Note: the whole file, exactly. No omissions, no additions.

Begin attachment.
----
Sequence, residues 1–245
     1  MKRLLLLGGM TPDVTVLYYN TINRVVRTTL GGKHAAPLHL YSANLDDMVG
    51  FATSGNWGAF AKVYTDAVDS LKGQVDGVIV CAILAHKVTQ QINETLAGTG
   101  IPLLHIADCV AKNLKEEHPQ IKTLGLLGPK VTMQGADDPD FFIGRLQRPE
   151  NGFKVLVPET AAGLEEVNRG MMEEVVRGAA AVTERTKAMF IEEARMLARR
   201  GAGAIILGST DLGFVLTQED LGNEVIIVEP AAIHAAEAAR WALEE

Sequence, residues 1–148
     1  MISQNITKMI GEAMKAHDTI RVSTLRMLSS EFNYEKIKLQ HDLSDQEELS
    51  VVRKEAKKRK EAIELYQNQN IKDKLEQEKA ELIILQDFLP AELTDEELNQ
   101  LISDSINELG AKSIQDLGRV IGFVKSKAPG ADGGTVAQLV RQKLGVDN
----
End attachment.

Sequence, residues 1–245
     1  MKRLLLLGGM TPDVTVLYYN TINRVVRTTL GGKHAAPLHL YSANLDDMVG
    51  FATSGNWGAF AKVYTDAVDS LKGQVDGVIV CAILAHKVTQ QINETLAGTG
   101  IPLLHIADCV AKNLKEEHPQ IKTLGLLGPK VTMQGADDPD FFIGRLQRPE
   151  NGFKVLVPET AAGLEEVNRG MMEEVVRGAA AVTERTKAMF IEEARMLARR
   201  GAGAIILGST DLGFVLTQED LGNEVIIVEP AAIHAAEAAR WALEE

Sequence, residues 1–148
     1  MISQNITKMI GEAMKAHDTI RVSTLRMLSS EFNYEKIKLQ HDLSDQEELS
    51  VVRKEAKKRK EAIELYQNQN IKDKLEQEKA ELIILQDFLP AELTDEELNQ
   101  LISDSINELG AKSIQDLGRV IGFVKSKAPG ADGGTVAQLV RQKLGVDN